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Bug-proof: First quantum-secured video conference between federal authorities

A technical premiere began on Tuesday around 10:15 a.m. in Bonn. At this point in time, Federal Research Minister Anja Karliczek started the first quantum-secured video conference by pressing the red button. It took place over an approximately 300-meter-long test route between the headquarters of the Federal Ministry of Education and Research (BMBF) on the Rhine and the Federal Office for Information Security (BSI). The premiere was actually planned for 2020, but was postponed due to Corona.

Karliczek was enthusiastic about the “very, very good connection”. You feel: “Something is different.” She was “totally proud”, emphasized the CDU politician. She also admitted: “I don’t really understand how it all works.” For the technology, she had Martin Schell, head of the Heinrich Hertz Institute belonging to the Fraunhofer-Gesellschaft, at her side, who explained the basics using the QuNET research initiative, which the BMBF is funding with a total of 125 million euros until 2026.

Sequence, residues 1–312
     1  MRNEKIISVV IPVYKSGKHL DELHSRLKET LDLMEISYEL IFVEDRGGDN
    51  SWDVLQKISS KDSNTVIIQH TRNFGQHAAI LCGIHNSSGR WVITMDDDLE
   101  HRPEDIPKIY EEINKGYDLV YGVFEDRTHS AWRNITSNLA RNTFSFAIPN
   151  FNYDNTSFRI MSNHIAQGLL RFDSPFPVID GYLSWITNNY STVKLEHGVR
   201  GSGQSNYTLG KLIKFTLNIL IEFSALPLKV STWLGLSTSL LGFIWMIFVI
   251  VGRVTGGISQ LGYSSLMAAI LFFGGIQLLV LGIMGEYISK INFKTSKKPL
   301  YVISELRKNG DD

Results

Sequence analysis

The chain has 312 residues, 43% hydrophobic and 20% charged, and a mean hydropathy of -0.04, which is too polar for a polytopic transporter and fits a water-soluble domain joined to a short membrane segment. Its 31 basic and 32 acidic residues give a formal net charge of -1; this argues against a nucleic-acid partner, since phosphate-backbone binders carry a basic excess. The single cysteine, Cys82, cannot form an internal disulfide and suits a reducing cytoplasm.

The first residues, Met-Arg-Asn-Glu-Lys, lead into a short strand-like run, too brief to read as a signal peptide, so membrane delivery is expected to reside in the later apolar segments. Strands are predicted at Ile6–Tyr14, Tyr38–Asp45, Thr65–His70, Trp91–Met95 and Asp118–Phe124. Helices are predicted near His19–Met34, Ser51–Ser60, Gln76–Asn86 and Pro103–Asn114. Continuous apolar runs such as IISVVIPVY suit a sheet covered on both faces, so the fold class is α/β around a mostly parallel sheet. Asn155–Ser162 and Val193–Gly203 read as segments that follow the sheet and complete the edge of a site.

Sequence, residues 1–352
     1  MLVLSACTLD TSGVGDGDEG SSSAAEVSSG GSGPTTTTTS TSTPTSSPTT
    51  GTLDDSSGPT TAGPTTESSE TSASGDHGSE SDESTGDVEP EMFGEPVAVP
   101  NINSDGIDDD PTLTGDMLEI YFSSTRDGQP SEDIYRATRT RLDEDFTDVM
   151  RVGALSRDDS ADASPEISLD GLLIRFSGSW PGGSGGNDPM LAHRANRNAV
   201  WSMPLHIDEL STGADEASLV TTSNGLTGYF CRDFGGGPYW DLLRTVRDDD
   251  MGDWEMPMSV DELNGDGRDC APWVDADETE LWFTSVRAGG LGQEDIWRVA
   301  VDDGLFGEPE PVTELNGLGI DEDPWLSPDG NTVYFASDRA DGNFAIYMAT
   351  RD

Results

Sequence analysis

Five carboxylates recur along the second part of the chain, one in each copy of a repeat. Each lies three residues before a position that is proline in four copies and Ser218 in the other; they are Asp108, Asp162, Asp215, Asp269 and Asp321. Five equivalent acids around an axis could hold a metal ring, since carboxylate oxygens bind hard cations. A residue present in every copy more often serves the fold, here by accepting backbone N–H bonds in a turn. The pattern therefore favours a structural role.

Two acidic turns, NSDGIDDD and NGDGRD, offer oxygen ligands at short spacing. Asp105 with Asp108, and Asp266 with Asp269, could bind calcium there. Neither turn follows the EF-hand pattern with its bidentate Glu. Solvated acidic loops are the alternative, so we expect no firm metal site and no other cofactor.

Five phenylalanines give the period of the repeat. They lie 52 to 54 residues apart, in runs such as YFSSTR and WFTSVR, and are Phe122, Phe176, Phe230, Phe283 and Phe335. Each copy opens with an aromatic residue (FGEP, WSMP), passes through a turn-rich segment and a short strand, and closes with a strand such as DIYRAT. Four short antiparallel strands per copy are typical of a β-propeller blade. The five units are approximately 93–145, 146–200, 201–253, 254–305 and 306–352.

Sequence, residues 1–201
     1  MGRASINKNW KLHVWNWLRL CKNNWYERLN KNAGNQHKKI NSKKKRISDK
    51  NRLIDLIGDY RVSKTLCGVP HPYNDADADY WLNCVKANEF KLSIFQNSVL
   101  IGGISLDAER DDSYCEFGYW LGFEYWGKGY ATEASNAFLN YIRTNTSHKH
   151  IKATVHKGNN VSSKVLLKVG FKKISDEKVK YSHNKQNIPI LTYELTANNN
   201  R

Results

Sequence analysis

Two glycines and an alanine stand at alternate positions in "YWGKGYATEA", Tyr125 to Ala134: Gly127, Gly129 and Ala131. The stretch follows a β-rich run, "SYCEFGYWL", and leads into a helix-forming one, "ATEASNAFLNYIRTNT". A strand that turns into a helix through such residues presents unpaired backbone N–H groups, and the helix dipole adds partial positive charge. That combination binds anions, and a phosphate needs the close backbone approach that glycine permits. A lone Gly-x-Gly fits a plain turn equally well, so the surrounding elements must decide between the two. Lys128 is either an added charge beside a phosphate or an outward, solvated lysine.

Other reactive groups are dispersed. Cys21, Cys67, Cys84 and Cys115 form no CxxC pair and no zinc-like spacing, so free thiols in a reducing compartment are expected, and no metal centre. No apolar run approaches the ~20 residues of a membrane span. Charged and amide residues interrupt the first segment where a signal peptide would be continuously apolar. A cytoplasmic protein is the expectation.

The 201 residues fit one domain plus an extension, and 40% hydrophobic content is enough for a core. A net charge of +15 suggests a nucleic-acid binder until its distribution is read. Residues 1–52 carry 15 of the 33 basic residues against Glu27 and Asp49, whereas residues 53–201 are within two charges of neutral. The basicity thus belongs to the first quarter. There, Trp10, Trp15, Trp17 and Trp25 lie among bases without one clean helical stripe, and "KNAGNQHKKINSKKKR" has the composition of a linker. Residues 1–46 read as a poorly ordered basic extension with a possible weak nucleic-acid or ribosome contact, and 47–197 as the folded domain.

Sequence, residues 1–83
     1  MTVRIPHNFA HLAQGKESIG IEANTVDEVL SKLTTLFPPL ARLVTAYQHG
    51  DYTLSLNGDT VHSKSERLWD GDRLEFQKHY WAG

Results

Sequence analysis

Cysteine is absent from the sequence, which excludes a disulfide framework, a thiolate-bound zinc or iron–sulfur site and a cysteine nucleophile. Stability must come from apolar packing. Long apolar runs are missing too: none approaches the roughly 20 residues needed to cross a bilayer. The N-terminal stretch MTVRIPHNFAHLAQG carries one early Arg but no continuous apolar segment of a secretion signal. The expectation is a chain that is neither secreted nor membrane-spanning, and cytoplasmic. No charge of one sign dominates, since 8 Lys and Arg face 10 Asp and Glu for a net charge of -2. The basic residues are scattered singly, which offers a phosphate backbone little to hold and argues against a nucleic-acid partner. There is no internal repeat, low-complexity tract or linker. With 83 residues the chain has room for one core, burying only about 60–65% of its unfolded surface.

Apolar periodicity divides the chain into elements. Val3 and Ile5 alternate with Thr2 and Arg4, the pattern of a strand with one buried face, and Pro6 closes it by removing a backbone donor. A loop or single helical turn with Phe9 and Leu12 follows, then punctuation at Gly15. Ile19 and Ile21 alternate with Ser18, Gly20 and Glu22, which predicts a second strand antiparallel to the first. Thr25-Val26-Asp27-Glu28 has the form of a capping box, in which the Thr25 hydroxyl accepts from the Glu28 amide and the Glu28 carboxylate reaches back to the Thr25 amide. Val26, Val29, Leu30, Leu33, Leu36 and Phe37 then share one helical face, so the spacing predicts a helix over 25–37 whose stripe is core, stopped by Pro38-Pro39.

The demonstration as part of the project was primarily about the transmission of secret keys that are transmitted with light quanta. The actual video connection is then conventionally secured with this secret key.

Federal Research Minister Anja Karliczek (left) and Martin Schell (right), Head of the Heinrich Hertz Institute, at the demonstration of the quantum-secured video conference. In the middle, Andreas Könen, Head of Cyber ​​and Information Security at the Federal Ministry of the Interior, spokesman for the German Industry Association for Quantum Security (DIVQSec), BSI Vice President Gerhard Schabhüser and Andreas Könen, Head of Cyber ​​and Information Security at the Federal Ministry of the Interior (from left to right).